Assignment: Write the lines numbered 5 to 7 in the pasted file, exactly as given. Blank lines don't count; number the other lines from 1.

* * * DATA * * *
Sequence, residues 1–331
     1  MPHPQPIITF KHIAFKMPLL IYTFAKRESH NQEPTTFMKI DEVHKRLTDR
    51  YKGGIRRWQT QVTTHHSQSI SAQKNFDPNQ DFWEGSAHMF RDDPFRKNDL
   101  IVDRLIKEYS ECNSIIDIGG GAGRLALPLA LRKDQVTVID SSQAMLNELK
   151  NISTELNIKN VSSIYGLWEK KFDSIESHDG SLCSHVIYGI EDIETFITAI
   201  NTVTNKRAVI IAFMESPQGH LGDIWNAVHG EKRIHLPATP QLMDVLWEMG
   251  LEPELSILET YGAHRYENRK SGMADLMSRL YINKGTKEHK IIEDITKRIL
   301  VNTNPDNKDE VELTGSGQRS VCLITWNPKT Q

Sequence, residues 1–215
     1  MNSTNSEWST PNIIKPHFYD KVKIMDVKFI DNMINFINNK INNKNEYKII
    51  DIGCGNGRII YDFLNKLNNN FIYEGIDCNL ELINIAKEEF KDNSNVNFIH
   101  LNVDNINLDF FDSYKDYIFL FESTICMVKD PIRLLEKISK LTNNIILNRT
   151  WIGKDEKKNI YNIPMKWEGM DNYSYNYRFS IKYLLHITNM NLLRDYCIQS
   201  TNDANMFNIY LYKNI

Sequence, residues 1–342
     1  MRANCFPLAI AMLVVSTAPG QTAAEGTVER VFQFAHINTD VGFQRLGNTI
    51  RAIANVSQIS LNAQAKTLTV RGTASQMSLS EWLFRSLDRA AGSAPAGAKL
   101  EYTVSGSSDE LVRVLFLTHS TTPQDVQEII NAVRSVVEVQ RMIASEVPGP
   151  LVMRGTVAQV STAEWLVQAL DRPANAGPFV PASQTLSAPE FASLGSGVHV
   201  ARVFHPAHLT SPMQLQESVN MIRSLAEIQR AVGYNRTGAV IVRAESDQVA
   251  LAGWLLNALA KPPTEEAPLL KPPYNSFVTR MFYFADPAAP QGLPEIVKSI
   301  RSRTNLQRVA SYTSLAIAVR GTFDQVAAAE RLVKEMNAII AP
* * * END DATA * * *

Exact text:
   151  NISTELNIKN VSSIYGLWEK KFDSIESHDG SLCSHVIYGI EDIETFITAI
   201  NTVTNKRAVI IAFMESPQGH LGDIWNAVHG EKRIHLPATP QLMDVLWEMG
   251  LEPELSILET YGAHRYENRK SGMADLMSRL YINKGTKEHK IIEDITKRIL